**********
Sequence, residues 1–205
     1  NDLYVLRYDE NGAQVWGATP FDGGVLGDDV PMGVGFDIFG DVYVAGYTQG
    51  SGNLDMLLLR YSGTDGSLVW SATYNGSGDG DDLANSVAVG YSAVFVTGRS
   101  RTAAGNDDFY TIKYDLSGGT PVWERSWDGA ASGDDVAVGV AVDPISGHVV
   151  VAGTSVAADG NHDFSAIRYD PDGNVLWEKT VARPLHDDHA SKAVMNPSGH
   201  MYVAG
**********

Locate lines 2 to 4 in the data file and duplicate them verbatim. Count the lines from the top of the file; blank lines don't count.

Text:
     1  NDLYVLRYDE NGAQVWGATP FDGGVLGDDV PMGVGFDIFG DVYVAGYTQG
    51  SGNLDMLLLR YSGTDGSLVW SATYNGSGDG DDLANSVAVG YSAVFVTGRS
   101  RTAAGNDDFY TIKYDLSGGT PVWERSWDGA ASGDDVAVGV AVDPISGHVV